We especially welcome papers that challenge disciplinary boundaries and professional divides, and explore cross-border dialogues. What lessons can be learned from Asia where the distinctions between the tangible and intangible are less well marked? And how can researchers bridge cultural and linguistic barriers to better understand these nuances?

Organised by Zhejiang University this major international conference will be held in Hangzhou, China on 1-6 September 2018. We welcome session proposals which address the conference theme of boundaries and borders, and cluster around the following suggested sub-themes:

Subthemes:
Heritage Trafficking

Negotiating linguistic borders

Heritage and human/non-human relations

Museums challenging boundaries

Crossing the indigenous/non-indigenous divide

The heritage of diaspora and refugees

The planned and unplanned spaces of heritage

Boundaries of digital reproduction

Memory and forgetting

Geographies of Craft

Asia and the world

Extraterritorial heritage

Heritage across disciplines

Nations, Regions, Territories

Theorising heritage as border

Tangible and intangible

Connecting the rural and urban

China and the region (One Belt One road)

Cross cultural methodologies

Nature-cultures

Cross border conflicts and cooperation

Bridging practice and academia

Past/present/future

Gender and heritage

Regular Sessions will be allocated one or more standard blocks of 1.5 hours, which will usually consist of four papers of 20 minutes duration (normally 15 minutes for each paper with 5 minutes following each paper for discussion and the remaining ten minutes in each block used for introductory and concluding remarks). Proposals for regular sessions should include the following details:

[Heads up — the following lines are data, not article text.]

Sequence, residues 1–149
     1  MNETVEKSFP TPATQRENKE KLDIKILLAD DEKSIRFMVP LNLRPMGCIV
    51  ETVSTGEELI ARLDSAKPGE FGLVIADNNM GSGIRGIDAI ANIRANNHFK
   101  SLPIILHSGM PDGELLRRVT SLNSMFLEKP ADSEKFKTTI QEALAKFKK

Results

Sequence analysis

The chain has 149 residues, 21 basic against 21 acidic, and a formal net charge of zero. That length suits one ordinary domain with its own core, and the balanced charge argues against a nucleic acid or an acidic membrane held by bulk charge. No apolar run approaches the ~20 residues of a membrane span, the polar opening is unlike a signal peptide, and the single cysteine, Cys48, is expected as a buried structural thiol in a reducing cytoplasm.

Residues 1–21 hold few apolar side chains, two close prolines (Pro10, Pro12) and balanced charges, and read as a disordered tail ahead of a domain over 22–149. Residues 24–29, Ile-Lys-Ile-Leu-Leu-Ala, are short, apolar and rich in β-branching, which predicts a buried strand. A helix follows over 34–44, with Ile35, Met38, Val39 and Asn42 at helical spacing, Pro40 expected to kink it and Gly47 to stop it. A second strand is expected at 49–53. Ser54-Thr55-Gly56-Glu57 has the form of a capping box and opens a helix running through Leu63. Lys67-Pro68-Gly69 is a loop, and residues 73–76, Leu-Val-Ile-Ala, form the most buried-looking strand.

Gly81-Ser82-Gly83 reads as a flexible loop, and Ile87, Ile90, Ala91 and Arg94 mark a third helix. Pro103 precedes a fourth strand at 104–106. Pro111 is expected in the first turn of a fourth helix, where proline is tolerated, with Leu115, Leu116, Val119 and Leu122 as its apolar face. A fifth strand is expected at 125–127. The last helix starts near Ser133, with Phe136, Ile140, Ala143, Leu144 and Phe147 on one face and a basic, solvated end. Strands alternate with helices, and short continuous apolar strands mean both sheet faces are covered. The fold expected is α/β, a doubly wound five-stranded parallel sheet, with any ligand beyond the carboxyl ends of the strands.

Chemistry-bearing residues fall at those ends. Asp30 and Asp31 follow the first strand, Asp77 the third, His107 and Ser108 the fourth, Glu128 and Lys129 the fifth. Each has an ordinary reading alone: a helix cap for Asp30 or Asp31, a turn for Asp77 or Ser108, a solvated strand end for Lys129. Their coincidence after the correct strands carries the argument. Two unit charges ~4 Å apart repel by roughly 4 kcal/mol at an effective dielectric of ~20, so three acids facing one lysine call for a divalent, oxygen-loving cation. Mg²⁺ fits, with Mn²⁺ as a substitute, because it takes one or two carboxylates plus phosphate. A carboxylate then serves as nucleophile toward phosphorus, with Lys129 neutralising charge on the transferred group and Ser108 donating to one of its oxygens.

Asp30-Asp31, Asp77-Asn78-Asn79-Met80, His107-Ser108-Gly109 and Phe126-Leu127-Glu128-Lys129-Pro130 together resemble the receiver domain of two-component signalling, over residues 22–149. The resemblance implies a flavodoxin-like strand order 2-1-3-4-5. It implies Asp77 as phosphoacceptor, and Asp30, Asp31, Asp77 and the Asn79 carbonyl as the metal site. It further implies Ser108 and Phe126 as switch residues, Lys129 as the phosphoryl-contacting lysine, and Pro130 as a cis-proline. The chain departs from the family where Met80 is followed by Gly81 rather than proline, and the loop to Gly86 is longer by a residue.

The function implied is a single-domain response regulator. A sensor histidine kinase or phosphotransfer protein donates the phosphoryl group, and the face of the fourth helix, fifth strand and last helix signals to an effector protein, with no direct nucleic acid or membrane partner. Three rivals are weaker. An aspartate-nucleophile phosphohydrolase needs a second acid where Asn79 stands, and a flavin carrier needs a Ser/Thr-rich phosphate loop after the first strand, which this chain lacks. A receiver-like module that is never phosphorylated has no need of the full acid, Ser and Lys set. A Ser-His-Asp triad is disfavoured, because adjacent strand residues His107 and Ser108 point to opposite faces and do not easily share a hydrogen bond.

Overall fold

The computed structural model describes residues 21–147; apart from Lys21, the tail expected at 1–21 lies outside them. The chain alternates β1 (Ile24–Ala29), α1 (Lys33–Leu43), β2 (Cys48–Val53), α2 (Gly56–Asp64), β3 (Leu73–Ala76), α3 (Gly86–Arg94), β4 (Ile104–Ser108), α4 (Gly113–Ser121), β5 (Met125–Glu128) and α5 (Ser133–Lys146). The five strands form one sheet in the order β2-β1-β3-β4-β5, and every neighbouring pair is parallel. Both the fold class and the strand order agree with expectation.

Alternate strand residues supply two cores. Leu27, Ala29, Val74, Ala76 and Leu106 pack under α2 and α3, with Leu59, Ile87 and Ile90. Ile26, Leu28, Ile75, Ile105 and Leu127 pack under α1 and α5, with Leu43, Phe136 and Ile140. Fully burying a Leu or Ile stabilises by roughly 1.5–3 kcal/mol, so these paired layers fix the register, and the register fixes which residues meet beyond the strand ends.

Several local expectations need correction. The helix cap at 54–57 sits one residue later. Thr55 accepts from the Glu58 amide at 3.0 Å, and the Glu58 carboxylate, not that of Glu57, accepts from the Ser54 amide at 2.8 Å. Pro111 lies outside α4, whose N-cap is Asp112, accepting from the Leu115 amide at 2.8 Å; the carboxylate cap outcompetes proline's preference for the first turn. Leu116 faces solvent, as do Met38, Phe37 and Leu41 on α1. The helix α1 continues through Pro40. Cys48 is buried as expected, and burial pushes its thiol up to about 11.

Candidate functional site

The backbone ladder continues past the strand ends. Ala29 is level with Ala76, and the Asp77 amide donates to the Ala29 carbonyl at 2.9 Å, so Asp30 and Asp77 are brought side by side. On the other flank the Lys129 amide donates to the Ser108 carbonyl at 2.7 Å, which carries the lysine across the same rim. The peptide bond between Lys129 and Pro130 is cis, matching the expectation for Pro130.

session type (i.e. regular session);

a session title;

the names, affiliations and contact details of one or more session organisers/co-organisers;

up to 300 word session abstract;

a list of confirmed speakers, contact details and paper titles;

an indication of whether the session will be closed or open to advertisement for further participation via the conference website when we call for individual paper submissions.

Panel Discussions will be allocated a standard block of 1.5 hours and will normally consist of a discussion amongst a group of 4-5 panellists around a specific set of questions or themes. Proposals for panel discussions should include the following details:
session type (i.e. panel discussion);

a panel title;

the names, affiliations and contact details of one or more panel session organisers/co-organisers;

up to 300 word panel session abstract;

a list of 4-5 confirmed speakers and their affiliations and contact details.

Please send your session proposals to the following email address: 2018achs@zju.edu.cn by the 31st of March, 2017.

For more information, visit the conference website: http://www.2018achs.com/#/.

CFP: Rethinking the World Order: International Law and International Relations at the End of the First World War (Oxford, 31 August – 1 September 2017)